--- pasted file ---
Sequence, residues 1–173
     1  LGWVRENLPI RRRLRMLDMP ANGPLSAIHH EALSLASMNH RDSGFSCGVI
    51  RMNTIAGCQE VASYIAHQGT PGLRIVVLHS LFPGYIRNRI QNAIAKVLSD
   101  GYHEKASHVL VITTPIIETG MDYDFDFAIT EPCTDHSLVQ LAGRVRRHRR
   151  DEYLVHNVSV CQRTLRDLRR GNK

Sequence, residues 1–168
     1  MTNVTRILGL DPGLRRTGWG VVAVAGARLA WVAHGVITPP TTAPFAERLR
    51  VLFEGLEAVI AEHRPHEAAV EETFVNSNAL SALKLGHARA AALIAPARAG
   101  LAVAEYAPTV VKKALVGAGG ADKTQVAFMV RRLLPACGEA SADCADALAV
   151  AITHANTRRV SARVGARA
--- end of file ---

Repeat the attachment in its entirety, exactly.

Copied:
Sequence, residues 1–173
     1  LGWVRENLPI RRRLRMLDMP ANGPLSAIHH EALSLASMNH RDSGFSCGVI
    51  RMNTIAGCQE VASYIAHQGT PGLRIVVLHS LFPGYIRNRI QNAIAKVLSD
   101  GYHEKASHVL VITTPIIETG MDYDFDFAIT EPCTDHSLVQ LAGRVRRHRR
   151  DEYLVHNVSV CQRTLRDLRR GNK

Sequence, residues 1–168
     1  MTNVTRILGL DPGLRRTGWG VVAVAGARLA WVAHGVITPP TTAPFAERLR
    51  VLFEGLEAVI AEHRPHEAAV EETFVNSNAL SALKLGHARA AALIAPARAG
   101  LAVAEYAPTV VKKALVGAGG ADKTQVAFMV RRLLPACGEA SADCADALAV
   151  AITHANTRRV SARVGARA